When we understand that biblical gentleness is not just controlled strength, but strength placed under God’s control, this was absolutely a gentle action. There was blatant sin in the camp and the command was given for those who had joined themselves to Baal of Peor to be put to death. This man came into the camp with the Midianite woman without any remorse, while the congregation was weeping over the plague that was going through the camp because of what had been going on. A divine line had been drawn in the sand. This man wasn’t just crossing it; he was parading all over it, and this demanded swift action.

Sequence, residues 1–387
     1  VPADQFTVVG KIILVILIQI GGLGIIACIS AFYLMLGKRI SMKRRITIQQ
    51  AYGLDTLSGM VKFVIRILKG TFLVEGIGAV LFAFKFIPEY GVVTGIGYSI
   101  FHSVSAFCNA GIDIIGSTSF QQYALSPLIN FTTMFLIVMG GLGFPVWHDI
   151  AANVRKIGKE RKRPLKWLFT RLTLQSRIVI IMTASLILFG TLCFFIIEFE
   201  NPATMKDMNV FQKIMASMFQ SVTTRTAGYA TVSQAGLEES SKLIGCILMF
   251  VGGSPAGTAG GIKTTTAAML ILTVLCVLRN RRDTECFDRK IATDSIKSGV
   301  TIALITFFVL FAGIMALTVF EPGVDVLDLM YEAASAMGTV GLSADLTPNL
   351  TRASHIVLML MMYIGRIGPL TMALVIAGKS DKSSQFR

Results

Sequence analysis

Biblical gentleness (also translated as meekness and often found in close association with humility) often calls for strong action. But the difference beetween “gentle strength” and “ungentle strength” lies in whether that strength is being used under God’s control (i.e., for God’s purposes), or under our own. A case in point is Moses, described in Numbers 12.3 as “very humble, more than any man who was on the face of the earth.” In the context of that statement, Moses was being criticized by his own siblings. Moses, it appears from the text, made no effort to defend himself. Indeed, we are told specifically that the Lord heard it, and it was the Lord who came to Moses’ defense. Contrast this with the events of Exodus 17, when water was brought forth from a rock. When the people grumbled about the lack of water and demanded that Moses give them water, he asked them, “Why do you test the Lord?” In this and other circumstances, Moses was quick to uphold the holiness of God and to rebuke rebellion against Him. In Exodus 32, Moses’ reaction to the golden calf was to grind it to powder, put it in the water, and make the people drink it. He called for all who were for the Lord to come to him, and confronted the people with their great sin. Yet even in this, he still said, “And now I am going up to the Lord, perhaps I can make atonement for your sin.” He pleaded to God that the people be forgiven. On multiple occasions, he would rebuke the people and beseech the Lord for mercy on their behalf. This is gentleness.